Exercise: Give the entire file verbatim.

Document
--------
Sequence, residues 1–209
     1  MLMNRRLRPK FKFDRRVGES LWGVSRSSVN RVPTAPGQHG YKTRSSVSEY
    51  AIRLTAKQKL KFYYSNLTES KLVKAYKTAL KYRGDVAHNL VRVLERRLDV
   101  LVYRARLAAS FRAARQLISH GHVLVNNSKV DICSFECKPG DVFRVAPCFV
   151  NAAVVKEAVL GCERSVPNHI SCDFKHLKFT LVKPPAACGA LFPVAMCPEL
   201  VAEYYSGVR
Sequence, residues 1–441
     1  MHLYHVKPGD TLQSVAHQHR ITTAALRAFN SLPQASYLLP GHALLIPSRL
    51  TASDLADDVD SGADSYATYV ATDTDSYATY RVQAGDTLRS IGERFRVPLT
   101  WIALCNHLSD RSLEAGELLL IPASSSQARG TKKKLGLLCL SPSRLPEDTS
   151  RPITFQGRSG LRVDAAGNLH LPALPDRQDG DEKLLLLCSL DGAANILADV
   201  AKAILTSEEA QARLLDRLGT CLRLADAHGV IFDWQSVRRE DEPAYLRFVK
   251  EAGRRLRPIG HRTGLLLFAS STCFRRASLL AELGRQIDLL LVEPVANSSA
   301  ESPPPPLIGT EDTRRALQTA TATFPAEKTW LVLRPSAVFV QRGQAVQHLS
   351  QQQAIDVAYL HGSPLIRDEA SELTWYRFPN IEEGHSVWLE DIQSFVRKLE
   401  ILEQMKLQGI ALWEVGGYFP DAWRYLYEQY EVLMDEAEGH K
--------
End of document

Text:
Sequence, residues 1–209
     1  MLMNRRLRPK FKFDRRVGES LWGVSRSSVN RVPTAPGQHG YKTRSSVSEY
    51  AIRLTAKQKL KFYYSNLTES KLVKAYKTAL KYRGDVAHNL VRVLERRLDV
   101  LVYRARLAAS FRAARQLISH GHVLVNNSKV DICSFECKPG DVFRVAPCFV
   151  NAAVVKEAVL GCERSVPNHI SCDFKHLKFT LVKPPAACGA LFPVAMCPEL
   201  VAEYYSGVR
Sequence, residues 1–441
     1  MHLYHVKPGD TLQSVAHQHR ITTAALRAFN SLPQASYLLP GHALLIPSRL
    51  TASDLADDVD SGADSYATYV ATDTDSYATY RVQAGDTLRS IGERFRVPLT
   101  WIALCNHLSD RSLEAGELLL IPASSSQARG TKKKLGLLCL SPSRLPEDTS
   151  RPITFQGRSG LRVDAAGNLH LPALPDRQDG DEKLLLLCSL DGAANILADV
   201  AKAILTSEEA QARLLDRLGT CLRLADAHGV IFDWQSVRRE DEPAYLRFVK
   251  EAGRRLRPIG HRTGLLLFAS STCFRRASLL AELGRQIDLL LVEPVANSSA
   301  ESPPPPLIGT EDTRRALQTA TATFPAEKTW LVLRPSAVFV QRGQAVQHLS
   351  QQQAIDVAYL HGSPLIRDEA SELTWYRFPN IEEGHSVWLE DIQSFVRKLE
   401  ILEQMKLQGI ALWEVGGYFP DAWRYLYEQY EVLMDEAEGH K